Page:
In this work, we revisited the disassembly approach (also known as the Zelder's approach) recently proposed for sensing pyrophosphate (PPi) in water and based on the decomposition of metal-salen complexes. A systematic study devoted to the structural optimization of this novel class of PPi-responsive fluorogenic probes was conducted. Screening of eight different vicinal diamines (i.e., bridge of the salen ligand) combined with the use of 8-formyl-7-hydroxycoumarin (i.e., salicylaldehyde derivative) as the fluorescent reporter, has led to a set of novel and fully characterized coumarin-salen Fe(III) complexes. A series of analytical validations helped us to identify that coumarin-salen Fe(III) complexes derived from ethylenediamine and racemic 1,2-propylenediamine backbones exhibit the best and selective PPi-sensing performances (the limits of detection were estimated as 3.15 × 10-6 M and 2.81 × 10-6 M respectively). The implementation of both fluorescence time-course measurements and RP-HPLC-fluorescence analyses has enabled us to gain further insights into the disassembly-based probes' activation mechanism. This study therefore contributes to demonstrate that the disassembly approach is a valuable strategy to achieve fluorogenic activity-based sensing of anions.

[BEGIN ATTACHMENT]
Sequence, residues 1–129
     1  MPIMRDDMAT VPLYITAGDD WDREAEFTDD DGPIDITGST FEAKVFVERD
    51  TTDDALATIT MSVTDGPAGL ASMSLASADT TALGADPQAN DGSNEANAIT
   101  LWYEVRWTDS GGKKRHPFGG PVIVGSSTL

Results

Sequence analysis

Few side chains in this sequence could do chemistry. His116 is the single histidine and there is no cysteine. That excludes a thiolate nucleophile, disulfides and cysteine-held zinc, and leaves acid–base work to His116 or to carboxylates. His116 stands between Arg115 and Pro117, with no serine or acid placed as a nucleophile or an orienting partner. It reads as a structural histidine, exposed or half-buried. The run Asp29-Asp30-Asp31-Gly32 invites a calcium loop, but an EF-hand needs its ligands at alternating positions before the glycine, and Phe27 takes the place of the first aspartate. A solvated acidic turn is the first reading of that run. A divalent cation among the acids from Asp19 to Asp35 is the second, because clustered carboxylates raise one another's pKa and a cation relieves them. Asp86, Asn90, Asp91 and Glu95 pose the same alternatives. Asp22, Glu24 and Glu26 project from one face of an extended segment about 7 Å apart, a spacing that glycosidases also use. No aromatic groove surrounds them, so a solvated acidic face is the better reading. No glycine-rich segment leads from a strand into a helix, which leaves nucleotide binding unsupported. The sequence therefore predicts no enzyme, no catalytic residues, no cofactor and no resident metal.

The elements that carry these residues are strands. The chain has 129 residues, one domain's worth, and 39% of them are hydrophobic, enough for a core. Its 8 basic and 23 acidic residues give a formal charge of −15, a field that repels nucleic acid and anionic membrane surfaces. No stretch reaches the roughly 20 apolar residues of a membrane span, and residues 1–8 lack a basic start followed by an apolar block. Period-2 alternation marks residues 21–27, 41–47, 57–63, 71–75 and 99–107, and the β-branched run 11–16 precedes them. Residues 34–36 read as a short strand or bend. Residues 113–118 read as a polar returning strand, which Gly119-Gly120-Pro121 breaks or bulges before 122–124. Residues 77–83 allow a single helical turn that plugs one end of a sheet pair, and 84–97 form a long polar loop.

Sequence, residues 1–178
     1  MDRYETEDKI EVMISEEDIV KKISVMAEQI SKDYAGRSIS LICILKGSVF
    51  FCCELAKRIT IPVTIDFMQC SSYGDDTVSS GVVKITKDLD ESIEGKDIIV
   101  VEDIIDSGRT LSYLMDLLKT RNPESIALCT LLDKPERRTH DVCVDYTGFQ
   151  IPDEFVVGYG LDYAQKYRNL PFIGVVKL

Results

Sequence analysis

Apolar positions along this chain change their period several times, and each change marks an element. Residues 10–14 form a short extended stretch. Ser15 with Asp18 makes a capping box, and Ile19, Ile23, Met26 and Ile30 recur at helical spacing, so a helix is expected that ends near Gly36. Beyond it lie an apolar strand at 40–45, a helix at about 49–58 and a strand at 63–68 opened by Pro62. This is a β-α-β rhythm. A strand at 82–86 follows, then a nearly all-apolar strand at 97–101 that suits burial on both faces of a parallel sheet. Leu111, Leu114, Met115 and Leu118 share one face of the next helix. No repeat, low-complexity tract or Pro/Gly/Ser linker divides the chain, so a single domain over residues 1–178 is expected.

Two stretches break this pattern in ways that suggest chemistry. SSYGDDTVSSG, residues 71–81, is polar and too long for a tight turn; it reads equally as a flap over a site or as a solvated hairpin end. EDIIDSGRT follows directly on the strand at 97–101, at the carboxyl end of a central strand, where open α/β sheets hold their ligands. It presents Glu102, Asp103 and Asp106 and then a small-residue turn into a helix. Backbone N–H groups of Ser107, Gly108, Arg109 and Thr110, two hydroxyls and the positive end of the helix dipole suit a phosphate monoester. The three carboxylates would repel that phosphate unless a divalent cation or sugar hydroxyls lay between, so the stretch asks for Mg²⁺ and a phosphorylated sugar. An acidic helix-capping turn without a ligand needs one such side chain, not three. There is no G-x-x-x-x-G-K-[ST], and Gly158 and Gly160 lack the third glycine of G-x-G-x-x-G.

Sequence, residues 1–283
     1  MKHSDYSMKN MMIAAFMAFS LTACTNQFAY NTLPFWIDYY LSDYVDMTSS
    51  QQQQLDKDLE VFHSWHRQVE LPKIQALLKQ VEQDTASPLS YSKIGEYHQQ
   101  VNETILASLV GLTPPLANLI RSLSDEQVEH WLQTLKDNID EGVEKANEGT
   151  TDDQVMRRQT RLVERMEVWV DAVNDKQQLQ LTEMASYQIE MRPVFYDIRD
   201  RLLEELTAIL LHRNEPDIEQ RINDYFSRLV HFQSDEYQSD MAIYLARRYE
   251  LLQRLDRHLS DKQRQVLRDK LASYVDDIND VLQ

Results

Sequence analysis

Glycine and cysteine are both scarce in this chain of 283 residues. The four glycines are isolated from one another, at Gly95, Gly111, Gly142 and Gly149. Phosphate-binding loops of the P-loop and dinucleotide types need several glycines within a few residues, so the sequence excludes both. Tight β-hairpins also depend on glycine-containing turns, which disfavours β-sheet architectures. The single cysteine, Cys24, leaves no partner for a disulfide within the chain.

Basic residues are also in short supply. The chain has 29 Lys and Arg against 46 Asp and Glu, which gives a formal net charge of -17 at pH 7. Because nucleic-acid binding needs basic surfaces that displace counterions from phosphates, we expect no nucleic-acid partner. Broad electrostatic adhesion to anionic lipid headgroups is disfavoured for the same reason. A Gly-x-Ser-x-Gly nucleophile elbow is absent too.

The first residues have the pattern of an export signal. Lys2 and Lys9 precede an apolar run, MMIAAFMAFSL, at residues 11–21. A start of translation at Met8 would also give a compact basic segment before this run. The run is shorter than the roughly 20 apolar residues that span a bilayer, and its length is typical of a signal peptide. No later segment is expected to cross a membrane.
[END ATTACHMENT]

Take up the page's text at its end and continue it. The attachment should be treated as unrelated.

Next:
Supplementary data to the Article
Spectroscopic and analytical data, IR, NMR and MS for all compounds described. Further results related to PPi sensing performances of Fe(III) complexes 1-C and 3-C (time-course measurements, selectivity, detection limit). Photophysical characterizations, all RP-HPLC-fluorscence analyses and NMR mechanistic study related to PPi-mediated disassembly process.